We must therefore first define the equality of two forces. When shall we say two forces are equal? It is, we are told, when, applied to the same mass, they impress upon it the same acceleration, or when, opposed directly one to the other, they produce equilibrium. This definition is only a sham. A force applied to a body can not be uncoupled to hook it up to another body, as one uncouples a locomotive to attach it to another train. It is therefore impossible to know what acceleration such a force, applied to such a body, would impress upon such an other body, if it were applied to it. It is impossible to know how two forces which are not directly opposed would act, if they were directly opposed.
We are... obliged in the definition of the equality of the two forces to bring in the principle of the equality of action and reaction; on this account, this principle must no longer be regarded as an experimental law, but as a definition.<!--pp.73-74
Ch. VI: The Classical Mechanics (1905) Tr. https://books.google.com/books?id=5nQSAAAAYAAJ George Bruce Halstead

### „For a definition to be of any use, it must teach us to measure force; moreover that suffices; it is not at all necessary that it teach us what force is in itself, nor whether it is the cause or the effect of motion.“

— Henri Poincaré

Context: What is mass? According to Newton, it is the product of the volume by the density. According to Thomson and Tait, it would be better to say that density is the quotient of the mass by the volume. What is force? It, is replies Lagrange, that which moves or tends to move a body. It is, Kirchhoff will say, the product of the mass by the acceleration. But then, why not say the mass is the quotient of the force by the acceleration?
These difficulties are inextricable.
When we say force is the cause of motion, we talk metaphysics, and this definition, if one were content with it, would be absolutely sterile. For a definition to be of any use, it must teach us to measure force; moreover that suffices; it is not at all necessary that it teach us what force is in itself, nor whether it is the cause or the effect of motion.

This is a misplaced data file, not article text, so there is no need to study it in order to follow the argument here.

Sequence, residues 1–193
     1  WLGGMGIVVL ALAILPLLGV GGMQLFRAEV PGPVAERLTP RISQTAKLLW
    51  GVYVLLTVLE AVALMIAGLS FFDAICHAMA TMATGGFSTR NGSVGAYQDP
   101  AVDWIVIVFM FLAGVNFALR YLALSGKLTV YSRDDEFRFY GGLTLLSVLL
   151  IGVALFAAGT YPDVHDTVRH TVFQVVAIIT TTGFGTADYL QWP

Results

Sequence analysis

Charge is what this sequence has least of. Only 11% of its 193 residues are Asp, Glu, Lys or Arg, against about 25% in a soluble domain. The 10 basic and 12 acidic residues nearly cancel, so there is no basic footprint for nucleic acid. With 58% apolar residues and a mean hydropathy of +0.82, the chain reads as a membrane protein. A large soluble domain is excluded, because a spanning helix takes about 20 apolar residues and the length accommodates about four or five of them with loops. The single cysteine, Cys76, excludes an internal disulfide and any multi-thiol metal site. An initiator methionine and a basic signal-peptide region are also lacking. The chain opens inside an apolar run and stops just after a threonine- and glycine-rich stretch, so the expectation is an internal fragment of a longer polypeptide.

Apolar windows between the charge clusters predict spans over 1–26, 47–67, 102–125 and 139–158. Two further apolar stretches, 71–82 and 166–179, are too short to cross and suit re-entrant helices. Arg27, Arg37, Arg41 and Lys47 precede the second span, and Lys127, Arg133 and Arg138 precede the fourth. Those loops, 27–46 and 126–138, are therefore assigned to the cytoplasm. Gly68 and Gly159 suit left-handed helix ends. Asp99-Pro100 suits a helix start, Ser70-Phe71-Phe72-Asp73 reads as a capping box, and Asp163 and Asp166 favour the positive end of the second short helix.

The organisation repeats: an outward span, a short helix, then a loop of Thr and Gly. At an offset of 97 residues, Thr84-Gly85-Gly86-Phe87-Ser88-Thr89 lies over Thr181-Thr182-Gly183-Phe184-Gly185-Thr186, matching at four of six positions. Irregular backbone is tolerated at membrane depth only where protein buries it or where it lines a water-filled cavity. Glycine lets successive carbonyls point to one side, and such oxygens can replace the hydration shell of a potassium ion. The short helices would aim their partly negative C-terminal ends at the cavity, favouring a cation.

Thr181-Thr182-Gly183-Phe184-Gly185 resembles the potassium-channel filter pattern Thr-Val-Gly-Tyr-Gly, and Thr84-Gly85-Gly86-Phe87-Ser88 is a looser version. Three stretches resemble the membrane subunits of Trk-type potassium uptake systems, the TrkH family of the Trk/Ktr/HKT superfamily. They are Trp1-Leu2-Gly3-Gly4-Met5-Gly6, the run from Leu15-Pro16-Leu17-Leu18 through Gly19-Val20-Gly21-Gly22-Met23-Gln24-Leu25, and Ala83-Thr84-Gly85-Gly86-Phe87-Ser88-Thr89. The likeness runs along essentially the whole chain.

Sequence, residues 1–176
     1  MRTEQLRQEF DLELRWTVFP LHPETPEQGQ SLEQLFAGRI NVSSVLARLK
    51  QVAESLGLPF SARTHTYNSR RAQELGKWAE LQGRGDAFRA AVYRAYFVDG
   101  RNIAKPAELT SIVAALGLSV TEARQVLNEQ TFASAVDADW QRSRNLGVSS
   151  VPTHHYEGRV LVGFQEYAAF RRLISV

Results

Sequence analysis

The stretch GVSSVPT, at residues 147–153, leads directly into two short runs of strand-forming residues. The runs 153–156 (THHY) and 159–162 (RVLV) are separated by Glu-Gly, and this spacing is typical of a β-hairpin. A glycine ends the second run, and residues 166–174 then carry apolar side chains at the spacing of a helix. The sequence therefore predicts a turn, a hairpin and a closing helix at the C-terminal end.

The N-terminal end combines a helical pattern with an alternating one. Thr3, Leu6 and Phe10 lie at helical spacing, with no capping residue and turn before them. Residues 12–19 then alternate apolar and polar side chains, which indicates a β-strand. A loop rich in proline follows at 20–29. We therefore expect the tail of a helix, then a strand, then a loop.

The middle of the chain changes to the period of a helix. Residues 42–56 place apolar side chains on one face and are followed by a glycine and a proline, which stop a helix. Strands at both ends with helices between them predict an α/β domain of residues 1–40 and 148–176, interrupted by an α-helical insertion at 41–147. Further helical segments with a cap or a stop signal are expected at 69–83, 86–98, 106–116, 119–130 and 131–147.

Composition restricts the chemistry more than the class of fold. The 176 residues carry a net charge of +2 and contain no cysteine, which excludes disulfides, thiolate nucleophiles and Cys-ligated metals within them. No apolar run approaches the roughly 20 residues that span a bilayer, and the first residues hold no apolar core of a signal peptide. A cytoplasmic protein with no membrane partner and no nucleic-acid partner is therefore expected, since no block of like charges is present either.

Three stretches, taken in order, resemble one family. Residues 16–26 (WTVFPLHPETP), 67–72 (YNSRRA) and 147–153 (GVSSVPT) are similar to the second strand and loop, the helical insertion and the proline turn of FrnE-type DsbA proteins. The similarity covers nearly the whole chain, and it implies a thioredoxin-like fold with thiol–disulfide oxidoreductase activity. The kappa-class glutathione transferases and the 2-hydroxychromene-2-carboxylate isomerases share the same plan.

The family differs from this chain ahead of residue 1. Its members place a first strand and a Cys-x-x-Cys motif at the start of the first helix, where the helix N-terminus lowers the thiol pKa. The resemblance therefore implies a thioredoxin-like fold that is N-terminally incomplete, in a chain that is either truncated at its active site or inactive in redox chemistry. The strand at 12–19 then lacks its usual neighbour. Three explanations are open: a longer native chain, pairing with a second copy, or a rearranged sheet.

We must therefore first define the equality of two forces. When shall we say two forces are equal? It is, we are told, when, applied to the same mass, they impress upon it the same acceleration, or when, opposed directly one to the other, they produce equilibrium. This definition is only a sham. A force applied to a body can not be uncoupled to hook it up to another body, as one uncouples a locomotive to attach it to another train. It is therefore impossible to know what acceleration such a force, applied to such a body, would impress upon such an other body, if it were applied to it. It is impossible to know how two forces which are not directly opposed would act, if they were directly opposed.
We are... obliged in the definition of the equality of the two forces to bring in the principle of the equality of action and reaction; on this account, this principle must no longer be regarded as an experimental law, but as a definition.<!--pp.73-74
Ch. VI: The Classical Mechanics (1905) Tr. https://books.google.com/books?id=5nQSAAAAYAAJ George Bruce Halstead

### „Science is built up with facts, as a house is with stones. But a collection of facts is no more a science than a heap of stones is a house.“

— Henri Poincaré

Context: The Scientist must set in order. Science is built up with facts, as a house is with stones. But a collection of facts is no more a science than a heap of stones is a house.
Ch. IX: Hypotheses in Physics, Tr. George Bruce Halsted (1913)

### „It is only through science and art that civilization is of value“

— Henri Poincaré

Context: It is only through science and art that civilization is of value. Some have wondered at the formula: science for its own sake; an yet it is as good as life for its own sake, if life is only misery; and even as happiness for its own sake, if we do not believe that all pleasures are of the same quality...
Every act should have an aim. We must suffer, we must work, we must pay for our place at the game, but this is for seeing's sake; or at the very least that others may one day see.<!--p.142
Ch. 11: Science and Reality